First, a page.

NeMLA2017: The Aesthetics of Deception in Victorian Writing
“The final revelation is that Lying, the telling of beautiful untrue things, is the proper aim of art.”—Oscar Wilde, The Decay of Lying
What is the difference between lying and art, and in what way does one justify the other? This panel at the NeMLA March 23-26 in Baltimore, Maryland, will explore deception and transgression in the compositional practices of Victorian authors and Victorian fictional characters. In a broader framework, this panel seeks to address the following questions: How did Victorians conceptualize the duty of an author to truth? In what ways did imagination cross ethical boundaries for the Victorian writer and audience? How and with what ethical implications did Victorian conceptions of original authorship emerge as distinct from previous models?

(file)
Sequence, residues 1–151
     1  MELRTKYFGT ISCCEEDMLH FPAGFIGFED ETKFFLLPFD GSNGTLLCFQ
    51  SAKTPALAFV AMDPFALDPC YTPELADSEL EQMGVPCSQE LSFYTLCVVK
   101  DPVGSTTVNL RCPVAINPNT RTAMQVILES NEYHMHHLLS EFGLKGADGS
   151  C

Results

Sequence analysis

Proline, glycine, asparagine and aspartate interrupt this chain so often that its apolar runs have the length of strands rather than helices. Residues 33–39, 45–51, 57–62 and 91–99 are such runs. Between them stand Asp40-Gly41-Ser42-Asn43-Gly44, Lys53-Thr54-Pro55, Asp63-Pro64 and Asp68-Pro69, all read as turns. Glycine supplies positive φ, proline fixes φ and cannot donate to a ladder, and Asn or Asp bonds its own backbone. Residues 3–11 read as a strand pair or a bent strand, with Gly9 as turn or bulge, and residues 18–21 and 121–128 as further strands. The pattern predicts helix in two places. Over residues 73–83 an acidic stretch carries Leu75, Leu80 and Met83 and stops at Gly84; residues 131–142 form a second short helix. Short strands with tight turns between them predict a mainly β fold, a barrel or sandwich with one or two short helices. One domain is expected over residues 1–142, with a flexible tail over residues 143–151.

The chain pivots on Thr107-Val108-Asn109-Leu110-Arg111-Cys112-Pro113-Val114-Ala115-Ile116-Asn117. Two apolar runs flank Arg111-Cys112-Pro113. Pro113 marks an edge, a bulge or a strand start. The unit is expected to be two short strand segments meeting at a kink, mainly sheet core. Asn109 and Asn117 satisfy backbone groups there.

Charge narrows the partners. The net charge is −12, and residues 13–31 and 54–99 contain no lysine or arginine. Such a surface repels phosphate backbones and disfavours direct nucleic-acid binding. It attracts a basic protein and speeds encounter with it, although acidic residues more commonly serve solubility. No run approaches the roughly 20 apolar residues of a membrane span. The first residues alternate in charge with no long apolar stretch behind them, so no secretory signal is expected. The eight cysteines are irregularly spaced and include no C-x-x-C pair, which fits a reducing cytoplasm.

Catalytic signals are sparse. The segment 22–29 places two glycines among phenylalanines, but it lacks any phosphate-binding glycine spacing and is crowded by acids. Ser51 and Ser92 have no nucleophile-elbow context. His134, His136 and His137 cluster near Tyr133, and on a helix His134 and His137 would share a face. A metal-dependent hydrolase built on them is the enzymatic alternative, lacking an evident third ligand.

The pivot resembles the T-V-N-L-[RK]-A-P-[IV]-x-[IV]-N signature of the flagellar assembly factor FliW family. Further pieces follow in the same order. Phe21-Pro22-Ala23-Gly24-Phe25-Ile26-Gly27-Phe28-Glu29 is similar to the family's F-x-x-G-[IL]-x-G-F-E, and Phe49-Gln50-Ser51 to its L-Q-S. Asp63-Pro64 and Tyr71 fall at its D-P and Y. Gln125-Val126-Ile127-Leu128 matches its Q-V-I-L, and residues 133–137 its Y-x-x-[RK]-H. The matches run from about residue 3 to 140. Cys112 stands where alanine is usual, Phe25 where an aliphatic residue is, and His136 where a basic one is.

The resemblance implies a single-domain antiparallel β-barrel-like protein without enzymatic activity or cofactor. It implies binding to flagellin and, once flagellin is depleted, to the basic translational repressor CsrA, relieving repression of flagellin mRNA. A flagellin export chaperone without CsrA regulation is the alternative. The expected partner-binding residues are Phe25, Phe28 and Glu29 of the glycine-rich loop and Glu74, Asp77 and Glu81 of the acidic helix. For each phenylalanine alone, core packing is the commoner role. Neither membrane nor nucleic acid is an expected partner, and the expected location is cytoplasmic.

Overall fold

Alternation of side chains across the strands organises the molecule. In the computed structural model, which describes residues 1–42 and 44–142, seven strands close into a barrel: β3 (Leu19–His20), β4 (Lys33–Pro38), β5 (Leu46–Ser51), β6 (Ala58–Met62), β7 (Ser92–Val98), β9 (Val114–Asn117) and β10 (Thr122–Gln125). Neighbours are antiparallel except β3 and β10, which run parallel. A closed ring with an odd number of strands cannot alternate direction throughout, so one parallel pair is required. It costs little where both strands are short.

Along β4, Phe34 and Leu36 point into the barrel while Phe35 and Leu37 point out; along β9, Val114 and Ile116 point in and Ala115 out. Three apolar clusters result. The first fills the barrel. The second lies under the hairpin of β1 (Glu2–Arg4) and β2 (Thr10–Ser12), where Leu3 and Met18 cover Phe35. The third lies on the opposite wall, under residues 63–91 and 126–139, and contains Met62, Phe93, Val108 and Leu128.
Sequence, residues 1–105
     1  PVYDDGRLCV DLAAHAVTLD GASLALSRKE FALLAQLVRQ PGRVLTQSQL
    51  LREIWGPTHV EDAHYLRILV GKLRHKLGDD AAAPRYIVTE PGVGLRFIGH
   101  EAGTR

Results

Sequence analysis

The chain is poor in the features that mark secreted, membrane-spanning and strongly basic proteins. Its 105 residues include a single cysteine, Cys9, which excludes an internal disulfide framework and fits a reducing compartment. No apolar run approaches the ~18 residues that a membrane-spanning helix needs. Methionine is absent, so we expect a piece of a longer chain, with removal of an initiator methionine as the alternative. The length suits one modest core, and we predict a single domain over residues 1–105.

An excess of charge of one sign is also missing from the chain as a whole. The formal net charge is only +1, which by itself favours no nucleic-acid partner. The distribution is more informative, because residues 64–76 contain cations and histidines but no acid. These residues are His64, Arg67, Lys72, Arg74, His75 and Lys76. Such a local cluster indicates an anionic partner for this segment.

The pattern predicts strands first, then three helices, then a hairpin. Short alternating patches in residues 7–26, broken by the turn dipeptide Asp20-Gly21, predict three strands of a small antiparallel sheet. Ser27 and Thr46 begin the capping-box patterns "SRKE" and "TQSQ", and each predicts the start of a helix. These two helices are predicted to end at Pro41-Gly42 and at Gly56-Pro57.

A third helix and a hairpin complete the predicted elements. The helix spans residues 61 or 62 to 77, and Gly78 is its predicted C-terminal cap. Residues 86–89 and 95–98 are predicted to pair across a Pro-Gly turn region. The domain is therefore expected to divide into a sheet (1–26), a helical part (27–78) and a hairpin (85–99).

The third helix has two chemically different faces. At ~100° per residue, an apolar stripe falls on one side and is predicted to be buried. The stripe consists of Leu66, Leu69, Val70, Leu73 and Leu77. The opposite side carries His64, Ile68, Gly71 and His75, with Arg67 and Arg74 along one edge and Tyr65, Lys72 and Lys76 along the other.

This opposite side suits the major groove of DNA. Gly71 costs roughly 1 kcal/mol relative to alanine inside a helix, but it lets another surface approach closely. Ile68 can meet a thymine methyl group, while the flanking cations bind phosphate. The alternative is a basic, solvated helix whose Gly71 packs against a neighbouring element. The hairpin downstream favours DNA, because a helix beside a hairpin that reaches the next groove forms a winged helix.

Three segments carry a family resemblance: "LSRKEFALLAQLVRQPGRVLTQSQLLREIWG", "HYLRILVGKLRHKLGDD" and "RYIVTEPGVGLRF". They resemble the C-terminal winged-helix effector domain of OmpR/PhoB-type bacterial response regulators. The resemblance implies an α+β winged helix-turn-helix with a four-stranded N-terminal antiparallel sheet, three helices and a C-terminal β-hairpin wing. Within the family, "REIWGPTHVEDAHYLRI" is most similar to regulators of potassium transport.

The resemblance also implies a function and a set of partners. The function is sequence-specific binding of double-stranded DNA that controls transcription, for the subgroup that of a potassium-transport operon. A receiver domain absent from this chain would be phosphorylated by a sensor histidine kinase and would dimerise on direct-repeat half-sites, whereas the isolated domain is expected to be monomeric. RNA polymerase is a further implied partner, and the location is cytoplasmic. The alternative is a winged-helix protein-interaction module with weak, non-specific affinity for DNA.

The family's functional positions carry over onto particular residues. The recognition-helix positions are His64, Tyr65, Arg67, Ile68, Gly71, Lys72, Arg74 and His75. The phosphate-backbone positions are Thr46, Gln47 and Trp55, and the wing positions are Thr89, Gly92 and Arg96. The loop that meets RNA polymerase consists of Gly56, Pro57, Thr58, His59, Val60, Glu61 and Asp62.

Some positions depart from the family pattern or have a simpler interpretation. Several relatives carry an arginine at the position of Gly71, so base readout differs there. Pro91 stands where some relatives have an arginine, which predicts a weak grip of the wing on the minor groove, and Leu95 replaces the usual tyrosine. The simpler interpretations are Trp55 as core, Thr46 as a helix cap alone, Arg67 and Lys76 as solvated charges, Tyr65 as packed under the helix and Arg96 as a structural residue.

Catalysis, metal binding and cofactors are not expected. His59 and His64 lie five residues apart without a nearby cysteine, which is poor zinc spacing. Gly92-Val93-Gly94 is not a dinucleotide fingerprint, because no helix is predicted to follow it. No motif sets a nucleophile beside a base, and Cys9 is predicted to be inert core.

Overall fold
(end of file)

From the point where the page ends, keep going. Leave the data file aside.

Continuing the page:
This panel welcomes papers on Victorian fraud, hoaxes, plagiarism, and contrived identity, as well as Victorian writers who responded to the practice of deception in art. Authors may wish to address the influence of the rise of journalism on expectations of fidelity, social and gender expectations of authorial identity, the effect of utilitarian and pragmatic philosophies on artistic production, cultural appropriation and rejection, and textual scandals.
Essay topics are not limited to, but may include:
*Fiction as lying
*Copyright and piracy
*Representations of Thomas Chatterton
Abstracts should be submitted using the Northeast Modern Language Association's online submission system, found at www.nemla.org. You will need to create an account to submit your abstract online. The due date for abstract submission is September 30, 2016.